Work in Portugal

Tips for self-employment in Portugal

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Expat Blogger Samantha Milner shares some tips on self-employment in Portugal, having set up an internet business from the Algarve.

It was back in 2010 when we finally had everything set up for self-employment in Portugal and, for someone who has no experience with the Portuguese tax system, it felt like one long nightmare…

I always completed my tax returns myself when I lived in England and never had a problem and found it very easy. My parents were self-employed for many years and I had watched over their shoulder on many occasions, so when I was in the same boat back home it was a piece of cake.

I thought that the tax system would be the same here, because with the amount of expats moving abroad I thought that they would be adjusted well.

The first thing we did when we planned to transfer our business over was visit an accountant.  We soon realised we were going to struggle based on what many of our businesses were doing at that particular time.

For example, when it was recommended we use the green receipts system (which, I may point out, weren’t green) we thought it would be an easy system to follow. All you had to do was log all your outgoings and incomings in one receipt book and then hand it to your accountant at the end of the task year and then they would do the rest for you.

However, if you intend on having a lot of business transactions, you are talking about a serious amount of form filling that will need doing. I have hundreds of different websites that form part of one business so this is a long job.

Another major negative part of the green receipts system is that you can only claim 30 percent of your turnover as expenses and I haven’t found anyone in the Algarve apart from those with rental properties who fall into this segment.

The majority of those who declare themselves self-employed in Portugal will be doing so for the very first time. If, say, like many expats moving to Portugal you open a bar or restaurant in your first year, then chances are every cent and euro you make will be going straight into your business so that you can make it a success. In this case you will have a profit level that is very low but with very high expenses.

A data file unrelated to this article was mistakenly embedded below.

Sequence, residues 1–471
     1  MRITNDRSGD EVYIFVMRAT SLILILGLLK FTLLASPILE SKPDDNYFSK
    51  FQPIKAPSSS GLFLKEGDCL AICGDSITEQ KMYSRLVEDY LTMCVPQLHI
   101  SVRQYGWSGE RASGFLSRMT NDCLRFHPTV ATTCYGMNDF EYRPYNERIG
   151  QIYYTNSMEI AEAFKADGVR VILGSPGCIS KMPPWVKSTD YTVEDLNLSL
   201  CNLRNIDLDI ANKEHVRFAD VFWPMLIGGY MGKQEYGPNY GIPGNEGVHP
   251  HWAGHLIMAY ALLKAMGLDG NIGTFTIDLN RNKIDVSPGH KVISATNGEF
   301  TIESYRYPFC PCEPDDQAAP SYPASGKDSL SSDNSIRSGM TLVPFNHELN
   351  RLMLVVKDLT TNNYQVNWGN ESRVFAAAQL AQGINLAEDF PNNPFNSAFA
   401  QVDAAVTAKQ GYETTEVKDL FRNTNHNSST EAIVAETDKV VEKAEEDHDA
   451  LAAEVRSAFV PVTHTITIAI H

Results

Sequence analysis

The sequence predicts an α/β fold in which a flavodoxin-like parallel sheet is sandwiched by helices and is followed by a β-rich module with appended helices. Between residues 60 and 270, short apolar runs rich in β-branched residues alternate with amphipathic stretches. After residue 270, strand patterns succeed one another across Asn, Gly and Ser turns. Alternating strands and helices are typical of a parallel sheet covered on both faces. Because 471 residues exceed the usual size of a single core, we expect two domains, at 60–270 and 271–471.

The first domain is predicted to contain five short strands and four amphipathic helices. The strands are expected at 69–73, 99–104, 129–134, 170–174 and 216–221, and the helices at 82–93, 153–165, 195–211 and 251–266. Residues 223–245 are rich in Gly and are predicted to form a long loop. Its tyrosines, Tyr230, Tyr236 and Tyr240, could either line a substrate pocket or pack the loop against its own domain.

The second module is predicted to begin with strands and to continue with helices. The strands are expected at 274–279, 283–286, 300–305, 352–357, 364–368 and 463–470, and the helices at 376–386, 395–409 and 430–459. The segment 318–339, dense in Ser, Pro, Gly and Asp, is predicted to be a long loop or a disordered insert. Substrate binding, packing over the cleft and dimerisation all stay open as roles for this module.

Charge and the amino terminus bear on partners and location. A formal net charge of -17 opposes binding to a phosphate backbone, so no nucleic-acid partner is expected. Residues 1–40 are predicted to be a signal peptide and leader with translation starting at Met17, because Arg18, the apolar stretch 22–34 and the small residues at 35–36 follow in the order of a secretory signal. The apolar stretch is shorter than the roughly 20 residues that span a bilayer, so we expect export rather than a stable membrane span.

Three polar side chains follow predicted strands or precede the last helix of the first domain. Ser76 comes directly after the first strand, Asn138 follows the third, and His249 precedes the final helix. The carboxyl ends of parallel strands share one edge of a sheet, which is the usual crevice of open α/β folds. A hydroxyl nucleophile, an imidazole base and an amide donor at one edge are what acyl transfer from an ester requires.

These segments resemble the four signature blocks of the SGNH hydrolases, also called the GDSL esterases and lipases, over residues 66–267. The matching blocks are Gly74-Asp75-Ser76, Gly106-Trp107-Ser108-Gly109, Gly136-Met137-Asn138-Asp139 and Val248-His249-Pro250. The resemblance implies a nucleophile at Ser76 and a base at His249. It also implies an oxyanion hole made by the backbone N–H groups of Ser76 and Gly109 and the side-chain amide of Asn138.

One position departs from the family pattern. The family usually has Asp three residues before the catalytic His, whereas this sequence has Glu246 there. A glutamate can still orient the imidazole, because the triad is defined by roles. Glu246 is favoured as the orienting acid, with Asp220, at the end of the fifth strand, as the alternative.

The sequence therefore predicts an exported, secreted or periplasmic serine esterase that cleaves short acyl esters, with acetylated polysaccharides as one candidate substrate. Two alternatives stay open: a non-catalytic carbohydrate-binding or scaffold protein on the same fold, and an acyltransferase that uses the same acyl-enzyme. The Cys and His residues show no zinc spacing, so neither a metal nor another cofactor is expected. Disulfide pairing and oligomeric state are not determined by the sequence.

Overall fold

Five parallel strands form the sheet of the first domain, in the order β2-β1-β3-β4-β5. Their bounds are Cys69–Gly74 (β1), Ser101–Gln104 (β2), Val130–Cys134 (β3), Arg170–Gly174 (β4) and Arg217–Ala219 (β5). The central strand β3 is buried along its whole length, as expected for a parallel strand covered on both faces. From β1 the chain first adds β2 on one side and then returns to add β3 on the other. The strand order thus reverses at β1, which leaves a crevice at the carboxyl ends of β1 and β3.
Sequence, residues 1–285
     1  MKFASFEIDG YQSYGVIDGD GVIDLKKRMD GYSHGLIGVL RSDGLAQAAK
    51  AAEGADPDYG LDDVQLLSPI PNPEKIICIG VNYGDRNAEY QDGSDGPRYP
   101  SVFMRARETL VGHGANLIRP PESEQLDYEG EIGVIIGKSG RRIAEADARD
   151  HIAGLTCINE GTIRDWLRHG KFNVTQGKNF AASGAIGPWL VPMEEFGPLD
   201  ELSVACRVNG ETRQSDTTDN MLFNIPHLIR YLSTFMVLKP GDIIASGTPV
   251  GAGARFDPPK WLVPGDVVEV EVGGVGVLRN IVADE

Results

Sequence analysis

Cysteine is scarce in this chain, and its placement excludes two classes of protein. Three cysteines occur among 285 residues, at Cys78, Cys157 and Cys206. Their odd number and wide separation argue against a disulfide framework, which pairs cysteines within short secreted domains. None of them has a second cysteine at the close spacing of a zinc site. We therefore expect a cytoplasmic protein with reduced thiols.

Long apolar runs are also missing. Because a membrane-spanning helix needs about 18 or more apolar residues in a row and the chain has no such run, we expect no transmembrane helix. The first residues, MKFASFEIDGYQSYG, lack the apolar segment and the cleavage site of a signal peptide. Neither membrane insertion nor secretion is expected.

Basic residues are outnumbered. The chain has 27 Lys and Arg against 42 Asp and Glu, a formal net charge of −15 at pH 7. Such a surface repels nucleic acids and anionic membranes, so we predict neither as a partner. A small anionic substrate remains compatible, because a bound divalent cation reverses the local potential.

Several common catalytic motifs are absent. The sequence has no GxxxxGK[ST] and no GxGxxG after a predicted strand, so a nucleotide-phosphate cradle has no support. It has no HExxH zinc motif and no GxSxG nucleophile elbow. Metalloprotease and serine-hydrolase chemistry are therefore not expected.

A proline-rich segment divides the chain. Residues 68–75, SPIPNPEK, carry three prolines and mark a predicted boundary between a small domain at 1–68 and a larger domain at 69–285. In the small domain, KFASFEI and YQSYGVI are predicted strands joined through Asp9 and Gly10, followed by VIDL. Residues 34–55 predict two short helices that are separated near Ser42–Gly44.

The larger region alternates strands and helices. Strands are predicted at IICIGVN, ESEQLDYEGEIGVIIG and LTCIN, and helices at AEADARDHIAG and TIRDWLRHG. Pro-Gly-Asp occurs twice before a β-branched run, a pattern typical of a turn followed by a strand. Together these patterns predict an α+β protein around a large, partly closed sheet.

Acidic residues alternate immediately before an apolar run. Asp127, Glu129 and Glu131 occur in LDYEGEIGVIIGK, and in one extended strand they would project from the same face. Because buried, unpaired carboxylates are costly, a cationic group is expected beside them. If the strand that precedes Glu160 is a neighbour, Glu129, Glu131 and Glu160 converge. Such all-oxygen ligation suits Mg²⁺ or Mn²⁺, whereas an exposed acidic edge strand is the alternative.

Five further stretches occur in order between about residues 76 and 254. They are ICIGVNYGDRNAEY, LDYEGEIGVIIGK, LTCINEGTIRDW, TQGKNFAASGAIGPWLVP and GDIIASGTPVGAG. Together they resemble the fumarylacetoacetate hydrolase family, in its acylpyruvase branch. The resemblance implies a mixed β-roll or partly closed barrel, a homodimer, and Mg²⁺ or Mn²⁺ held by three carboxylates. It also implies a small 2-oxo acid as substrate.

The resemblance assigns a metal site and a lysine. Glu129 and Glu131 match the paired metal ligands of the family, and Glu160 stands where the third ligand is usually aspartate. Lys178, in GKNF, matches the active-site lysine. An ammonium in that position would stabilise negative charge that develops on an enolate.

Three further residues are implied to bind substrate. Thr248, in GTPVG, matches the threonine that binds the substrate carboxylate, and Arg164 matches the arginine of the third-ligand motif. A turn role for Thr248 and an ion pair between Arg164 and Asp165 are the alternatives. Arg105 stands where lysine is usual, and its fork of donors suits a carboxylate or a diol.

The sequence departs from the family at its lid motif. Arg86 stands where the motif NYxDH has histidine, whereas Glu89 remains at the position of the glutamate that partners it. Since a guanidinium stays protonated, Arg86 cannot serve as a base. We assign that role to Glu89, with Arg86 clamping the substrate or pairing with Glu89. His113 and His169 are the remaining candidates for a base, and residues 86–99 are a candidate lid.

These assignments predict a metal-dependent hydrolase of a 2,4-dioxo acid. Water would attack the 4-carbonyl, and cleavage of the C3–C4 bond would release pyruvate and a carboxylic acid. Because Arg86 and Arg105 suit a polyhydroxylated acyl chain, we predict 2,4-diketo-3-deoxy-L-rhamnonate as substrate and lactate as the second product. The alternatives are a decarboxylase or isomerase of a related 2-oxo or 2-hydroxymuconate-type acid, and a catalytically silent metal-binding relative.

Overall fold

I expanded my business by 60 percent last year, which meant I had high expenses and will now have to pay tax on my losses which feels very unfair, but as I signed up to the system there is little I can do to change it.

I will be consulting my accountant to move onto a different tax system, but I still love the simple green receipts system. If you are a mobile hairdresser or a plumber that doesn’t have large outgoings I highly recommend it.

Another expense that you will have to pay is your social security contributions, which are EUR 150 a month and are due each month regardless of whether your business has made a profit. So if you have a restaurant that closes in winter, you will still have to cover this cost.

I am sure you can see now why businesses fail to take off in Portugal due to the expenses involved. I recommend that if you are planning on setting up a business you have a standby savings account to cover this so that you can make it through your first year.

On a positive note though, you can claim more in expenses in Portugal. You can claim for everything from your kids’ schoolbooks to the cost of your trip to the doctor’s. When you think of this type of expense I bet you could save EUR 2,000 worth of taxable income a year if not more.

If your business will be turning over more than EUR 10,000 per year, you will also need to register for IVA even if your customers are not Portuguese based. I have a majority American customer network but I still have to deal with IVA.

This, again, can be set up by your accountant but needs to be dealt with at the beginning of the year.

A benefit of dealing with customers in another country is the different currencies. You can choose what day of the month to declare your income so you can do it when it is at the lowest against your own currency so that you are not losing out if the exchange rate goes up or down.

You can end up spending a small fortune through your accountants due to not knowing the language so that I suggest you employ a local person who speaks the language and can translate documents for a small fee.

A local will charge you EUR 20 to read a document whereas an accountant will charge you around EUR 200.

One final point to keep in mind is that the tax system runs from January to December in Portugal.


Samantha Milner / Expatica

Samantha Milner is a British expat who left her left behind in England for a new life in the Algarve and has a successful career in internet marketing. You can read her Algarve Blog that gives details of her new life living in the sun by clicking here.

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2 Comments To This Article

  • Ripp posted:

    on 9th November 2015, 01:04:13 - Reply

    Hello, I've been researching self employment in Portugal and find it much more confusing. There doesn't seem to be a simple answer.

    I want to move and become a permanent resident in Portugal next year and all I want to know are the self employment tax bands (among other fees) i'd have to pay.

    i operate as a sole trader selling things online, basic stuff. Turns over just enough a month to live.

    Any tips/advice/pointers/other warnings?

    I'd really appreciate it.

  • Amy posted:

    on 16th July 2015, 23:55:46 - Reply

    Thanks for your article. I'd like to do freelancing over internet but really fear of paying social security and high tax as I don't intend to earn a lot. Do you have to pay social security even if oyu earn very little a year?